The glycoproteome is one of the major subproteomes of human plasma, as many proteins are secreted from the tissues, such as the liver, in a glycosylated form [1—4]. It is proposed from literature studies that about 50% of all plasma proteins are glycosylated , which was confirmed by lectin capture experiments, if one excludes albumin . The plasma glycoproteome has important clinical value, as many bio-markers are glycosylated, such as the breast cancer biomarkers CA125 and ERBB [7,
* Originally published in Proteomics 2005, 13, 3353-3366
8]. Zhang et al.  have developed a method to specifically enrich glycoproteins from human serum by capturing N-linked glycoproteins using hydrazide chemistry. In this method, the captured proteins were digested and the N-linked glycopeptides were then isolated from the complex. The glycopeptides were treated with PNGase F (to release glycans) and identified using MS/MS. This method could also be used for comparative quantification if coupled with isotope labeling. Using lectin affinity to enrich glycoproteins is another approach, which avoids chemical derivatization and the potential for side reactions. In order to comprehensively study the serum glyco-proteome, we have developed a multilectin affinity system to efficiently and specifically enrich glycoproteins from human serum . In that study we demonstrated that the use of a set of lectins (optimized to a given sample) overcame the broad specificity and lack of complete glycoprotein capture that is typically achieved with a single lectin. In addition, we demonstrated that this approach was specific to glycoproteins, gave good recovery and was reproducible.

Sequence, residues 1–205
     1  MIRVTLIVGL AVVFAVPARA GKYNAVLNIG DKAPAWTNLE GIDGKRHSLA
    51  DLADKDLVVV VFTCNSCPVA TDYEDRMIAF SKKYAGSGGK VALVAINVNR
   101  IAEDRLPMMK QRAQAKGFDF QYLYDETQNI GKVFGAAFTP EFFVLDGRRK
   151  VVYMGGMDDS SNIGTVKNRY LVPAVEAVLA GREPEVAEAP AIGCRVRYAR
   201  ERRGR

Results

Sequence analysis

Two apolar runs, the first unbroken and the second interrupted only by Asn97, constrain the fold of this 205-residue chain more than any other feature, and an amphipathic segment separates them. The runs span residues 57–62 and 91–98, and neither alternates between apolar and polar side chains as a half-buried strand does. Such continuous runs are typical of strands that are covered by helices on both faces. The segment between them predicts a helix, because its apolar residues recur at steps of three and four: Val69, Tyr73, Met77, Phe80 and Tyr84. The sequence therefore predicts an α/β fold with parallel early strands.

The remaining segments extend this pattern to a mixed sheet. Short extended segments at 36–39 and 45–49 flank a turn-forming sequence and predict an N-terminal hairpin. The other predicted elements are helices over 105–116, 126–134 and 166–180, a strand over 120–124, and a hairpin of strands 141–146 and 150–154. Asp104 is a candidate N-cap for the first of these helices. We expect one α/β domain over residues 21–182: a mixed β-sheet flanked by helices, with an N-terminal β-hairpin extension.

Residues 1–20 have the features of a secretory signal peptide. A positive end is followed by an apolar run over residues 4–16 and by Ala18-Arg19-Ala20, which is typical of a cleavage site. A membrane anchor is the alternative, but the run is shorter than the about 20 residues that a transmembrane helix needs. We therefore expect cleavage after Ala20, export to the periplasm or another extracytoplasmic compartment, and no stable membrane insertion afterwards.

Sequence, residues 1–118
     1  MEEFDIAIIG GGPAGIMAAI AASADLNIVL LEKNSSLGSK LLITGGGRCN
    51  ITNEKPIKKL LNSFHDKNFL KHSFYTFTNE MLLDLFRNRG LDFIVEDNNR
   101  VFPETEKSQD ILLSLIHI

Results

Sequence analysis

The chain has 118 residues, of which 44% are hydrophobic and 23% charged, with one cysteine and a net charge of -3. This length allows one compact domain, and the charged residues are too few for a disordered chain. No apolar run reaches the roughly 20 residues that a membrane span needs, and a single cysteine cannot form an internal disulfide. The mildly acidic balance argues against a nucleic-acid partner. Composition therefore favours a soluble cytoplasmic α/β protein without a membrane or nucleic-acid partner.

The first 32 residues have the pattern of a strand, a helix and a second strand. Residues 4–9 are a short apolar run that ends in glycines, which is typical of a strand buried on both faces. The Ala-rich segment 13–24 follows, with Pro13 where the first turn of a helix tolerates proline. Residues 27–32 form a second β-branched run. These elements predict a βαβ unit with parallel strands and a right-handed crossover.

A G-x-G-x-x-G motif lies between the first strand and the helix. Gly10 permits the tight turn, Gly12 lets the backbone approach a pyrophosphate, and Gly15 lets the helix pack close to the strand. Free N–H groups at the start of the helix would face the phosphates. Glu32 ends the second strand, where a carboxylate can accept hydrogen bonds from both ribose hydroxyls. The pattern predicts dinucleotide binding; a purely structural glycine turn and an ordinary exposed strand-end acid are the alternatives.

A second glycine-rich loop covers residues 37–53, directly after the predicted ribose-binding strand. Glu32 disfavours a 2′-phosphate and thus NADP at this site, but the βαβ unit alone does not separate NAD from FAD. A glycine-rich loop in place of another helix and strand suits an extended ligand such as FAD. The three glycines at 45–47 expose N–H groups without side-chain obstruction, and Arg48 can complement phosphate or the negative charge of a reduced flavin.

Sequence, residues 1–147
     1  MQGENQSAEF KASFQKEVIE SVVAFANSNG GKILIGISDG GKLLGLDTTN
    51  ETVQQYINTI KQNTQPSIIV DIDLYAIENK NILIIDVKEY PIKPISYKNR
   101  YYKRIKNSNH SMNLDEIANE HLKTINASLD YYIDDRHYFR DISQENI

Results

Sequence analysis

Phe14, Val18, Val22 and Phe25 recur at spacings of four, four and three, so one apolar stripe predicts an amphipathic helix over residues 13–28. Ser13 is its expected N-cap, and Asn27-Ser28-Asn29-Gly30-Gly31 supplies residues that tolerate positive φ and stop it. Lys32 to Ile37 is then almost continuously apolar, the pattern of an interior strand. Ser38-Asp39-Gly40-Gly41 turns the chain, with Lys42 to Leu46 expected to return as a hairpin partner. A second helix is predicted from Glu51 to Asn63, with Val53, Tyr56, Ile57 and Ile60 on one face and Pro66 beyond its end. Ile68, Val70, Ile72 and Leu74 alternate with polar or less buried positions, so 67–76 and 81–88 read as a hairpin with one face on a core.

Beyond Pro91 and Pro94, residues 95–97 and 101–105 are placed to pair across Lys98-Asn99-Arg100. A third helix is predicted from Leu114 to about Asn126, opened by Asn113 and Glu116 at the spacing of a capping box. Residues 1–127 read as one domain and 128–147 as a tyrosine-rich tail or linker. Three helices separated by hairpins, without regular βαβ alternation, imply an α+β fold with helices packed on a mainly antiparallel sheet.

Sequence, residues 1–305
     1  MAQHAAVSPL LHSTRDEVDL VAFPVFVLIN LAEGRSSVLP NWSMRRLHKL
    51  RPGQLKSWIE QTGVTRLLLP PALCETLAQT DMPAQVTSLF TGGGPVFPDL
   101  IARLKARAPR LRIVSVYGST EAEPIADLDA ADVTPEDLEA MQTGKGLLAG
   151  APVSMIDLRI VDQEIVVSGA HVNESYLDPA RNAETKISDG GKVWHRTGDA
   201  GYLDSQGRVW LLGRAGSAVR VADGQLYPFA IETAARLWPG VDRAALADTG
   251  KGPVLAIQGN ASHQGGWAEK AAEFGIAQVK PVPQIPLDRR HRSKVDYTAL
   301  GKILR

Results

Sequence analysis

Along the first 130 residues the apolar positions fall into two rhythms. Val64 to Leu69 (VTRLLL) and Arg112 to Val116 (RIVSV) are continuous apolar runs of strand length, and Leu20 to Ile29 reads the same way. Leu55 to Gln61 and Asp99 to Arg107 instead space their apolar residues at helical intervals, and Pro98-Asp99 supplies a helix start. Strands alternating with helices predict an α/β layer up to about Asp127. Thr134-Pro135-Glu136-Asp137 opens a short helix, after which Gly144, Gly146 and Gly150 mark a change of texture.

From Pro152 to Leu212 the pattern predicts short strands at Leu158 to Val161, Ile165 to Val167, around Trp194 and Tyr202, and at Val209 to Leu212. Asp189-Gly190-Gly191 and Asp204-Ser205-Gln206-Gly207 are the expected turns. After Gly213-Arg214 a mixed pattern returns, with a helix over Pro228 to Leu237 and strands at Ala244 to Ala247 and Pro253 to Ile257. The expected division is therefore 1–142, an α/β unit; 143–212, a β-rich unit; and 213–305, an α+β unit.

The challenge of a comprehensive study of the human plasma proteome is its wide dynamic range. To better identify low-abundance proteins in plasma, the removal of the most abundant protein(s) using an immunoaffinity approach has been proven to be effective . However, with the depletion of these high-abundance proteins, such as albumin, it has been suggested that some interesting proteins are also lost due to protein complex formation. The glycoprotein enrichment process described here automatically improves the dynamic range of serum protein analysis, since the nonglycosylated albumin is largely removed. Although some albumin is retained in the affinity systems with its associated glycoproteins, this approach minimizes nonspecific losses.
In this research, we analyzed HUPO human plasma and serum samples from different ethnic groups using multilectin affinity chromatography followed by trypsin digestion and LC-MS/MS. The results of a comparison of the plasma and serum glycoproteomes are reported here, as well as the results obtained with samples collected from different ethnic groups.
Was this article helpful?